AI is now driving an architecture change from Hyper-Converged Infrastructures to Accelerated-Disaggregated Infrastructure.
We have no idea what any of that means but all you CTOs out there can feel free to plaster this on slide decks and everyone will just nod their heads and pretend like they know what you’re talking about. Said more simply, high-speed connectivity is a key component in tomorrow’s datacenters.
Just to give you an idea of what sort of horsepower we’re talking about here, last year the largest cloud-based simulation in history took place with 50,000 GPUs spread out across the globe from all the leading cloud computing providers. The simulation involved interpreting messages from the universe and took several hours to run using around 3 terabytes of input data. Amazon wrote about the experiment stating that the “cloud-based cluster provided almost 95% of the performance of Summit.” In the world of high-performance computing, Summit is literally the fastest computer on this planet. Speaking of which, NVIDIA and Mellanox combined have their technology in more than half of the world’s TOP500 supercomputers.
While the datacenter segment becomes increasingly important to NVIDIA following this acquisition, the investment thesis becomes much bigger when you consider how Moore’s Law is being resurrected by accelerated computing.
Accelerated Computing Platforms
In the latest investor deck, NVIDIA refers to itself as “the leading accelerated computing platform” which “is broadly recognized as the way to advance computing as Moore’s law ends and AI lifts off.” AI chips are now cannibalizing the entire semiconductor business with software replacing hardware as the key driver for continuing Moore’s Law. The use of AI has become ubiquitous, and so are AI chips, which are now being developed in various form factors – from smaller edge-computing chips found in smartphones to large powerful chips found in supercomputers.
NVIDIA’s strategy around continuing to drive Moore’s Law using their “accelerated computing platform” is clearly where we want to be as investors if AI chips will cannibalize the traditional semiconductor industry offerings. If you’re someone who thinks that the stock market will test new lows as the real impact of the WooHoo Flu becomes apparent, tech stocks will sink even lower given their inherent volatility. NVIDIA announces earnings later this month so we’ll see what sort of color they provide around future expectations. If you’re looking to invest in NVIDIA on dips, always use dollar cost averaging.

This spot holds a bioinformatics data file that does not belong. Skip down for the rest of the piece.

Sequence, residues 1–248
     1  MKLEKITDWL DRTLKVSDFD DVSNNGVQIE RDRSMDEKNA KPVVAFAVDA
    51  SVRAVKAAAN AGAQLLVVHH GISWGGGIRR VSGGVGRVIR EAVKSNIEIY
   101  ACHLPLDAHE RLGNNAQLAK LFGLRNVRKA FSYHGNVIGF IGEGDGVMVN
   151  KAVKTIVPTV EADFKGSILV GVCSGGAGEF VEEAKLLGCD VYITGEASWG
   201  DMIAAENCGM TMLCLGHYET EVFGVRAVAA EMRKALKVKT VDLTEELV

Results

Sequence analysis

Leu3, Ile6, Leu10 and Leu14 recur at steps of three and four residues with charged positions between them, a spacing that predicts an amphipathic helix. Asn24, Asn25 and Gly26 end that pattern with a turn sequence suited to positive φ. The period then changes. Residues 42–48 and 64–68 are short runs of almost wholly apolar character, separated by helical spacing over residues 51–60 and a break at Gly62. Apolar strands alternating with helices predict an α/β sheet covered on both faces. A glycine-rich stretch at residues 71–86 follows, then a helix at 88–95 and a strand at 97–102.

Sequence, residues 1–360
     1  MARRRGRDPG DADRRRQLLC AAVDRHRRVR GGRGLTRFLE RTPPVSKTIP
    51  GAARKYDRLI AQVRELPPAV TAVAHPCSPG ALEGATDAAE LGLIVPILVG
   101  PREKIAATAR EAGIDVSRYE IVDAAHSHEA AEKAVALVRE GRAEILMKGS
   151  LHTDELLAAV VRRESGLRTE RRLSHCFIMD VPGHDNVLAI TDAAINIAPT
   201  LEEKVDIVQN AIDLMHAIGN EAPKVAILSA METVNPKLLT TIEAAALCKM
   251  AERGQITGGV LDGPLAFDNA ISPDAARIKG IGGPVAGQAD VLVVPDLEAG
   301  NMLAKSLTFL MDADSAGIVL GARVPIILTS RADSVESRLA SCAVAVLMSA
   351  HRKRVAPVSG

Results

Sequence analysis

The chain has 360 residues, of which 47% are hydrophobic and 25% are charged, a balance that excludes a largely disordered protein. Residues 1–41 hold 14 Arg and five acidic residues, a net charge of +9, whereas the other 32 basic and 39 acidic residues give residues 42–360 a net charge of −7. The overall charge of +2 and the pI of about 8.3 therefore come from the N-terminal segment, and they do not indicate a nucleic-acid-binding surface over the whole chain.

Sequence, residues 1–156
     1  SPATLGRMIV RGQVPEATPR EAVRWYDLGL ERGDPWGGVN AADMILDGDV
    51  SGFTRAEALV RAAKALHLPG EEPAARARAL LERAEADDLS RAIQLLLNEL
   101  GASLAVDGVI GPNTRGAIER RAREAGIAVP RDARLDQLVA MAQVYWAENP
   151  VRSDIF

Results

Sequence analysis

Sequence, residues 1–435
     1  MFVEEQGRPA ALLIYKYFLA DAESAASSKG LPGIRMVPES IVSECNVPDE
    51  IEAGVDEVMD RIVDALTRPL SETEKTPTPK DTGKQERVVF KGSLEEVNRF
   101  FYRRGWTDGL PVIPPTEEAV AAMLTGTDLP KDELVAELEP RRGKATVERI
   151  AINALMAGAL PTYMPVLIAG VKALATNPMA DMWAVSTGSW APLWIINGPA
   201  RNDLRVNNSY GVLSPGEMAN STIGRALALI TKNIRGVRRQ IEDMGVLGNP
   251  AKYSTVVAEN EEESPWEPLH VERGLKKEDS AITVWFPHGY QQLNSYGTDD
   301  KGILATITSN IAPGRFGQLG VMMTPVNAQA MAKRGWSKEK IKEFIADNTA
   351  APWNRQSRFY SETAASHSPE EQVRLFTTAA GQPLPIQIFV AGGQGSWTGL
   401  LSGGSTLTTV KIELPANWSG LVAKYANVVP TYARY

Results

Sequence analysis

NVIDIA and Microsoft
One last thing that’s interesting to note here. In digging around the filings we saw that twenty years ago NVIDIA did some technology transfer with Microsoft relating to the Xbox. (If you bought shares of NVIDIA at that time they would have been $3 a pop giving you a return of +9,300% if you sold them today.) At that time, NVIDIA would have had a market capitalization of around $1.8 billion (they’re a $173 billion company today, almost exactly the same size as Cisco Systems) and Microsoft would have had loads of leverage for negotiations. Here’s a stipulation that was made at that time.
Under the agreement, if an individual or corporation makes an offer to purchase shares equal to or greater than 30% of the outstanding shares of our common stock, Microsoft may have first and last rights of refusal to purchase the stock.Credit: Latest NVIDIA 10-K
If anyone ever moves to acquire a controlling stake in NVIDIA, it might be Microsoft who the company ends up being sold to.
As investors, we want to make sure NVIDIA isn’t being displaced by the many companies – both large and small – that are now developing their own AI chips. As investors, we’ve always been somewhat concerned that the company is overly reliant on gaming for just over half their revenues, and it’s good to see progress is being made to grow their other verticals through acquisitions making gaming less of a majority contributor to revenues.
Companies that command large market shares enjoy profitability which generates plenty of cash to fuel continued growth. With $10 billion in cash on hand, NVIDIA is in a good position to keep making acquisitions and growing other parts of their business. We’ll keep checking in every year to see how their business segments evolve as NVIDIA continues to benefit from the growth of artificial intelligence.
NVIDIA is one of the core holdings in our tech stock portfolio along with four other AI stocks. The complete list of disruptive tech stocks and ETFs we’re holding can be found in the “Nanalyze Disruptive Tech Portfolio Report,” now available for all Nanalyze Premium annual subscribers.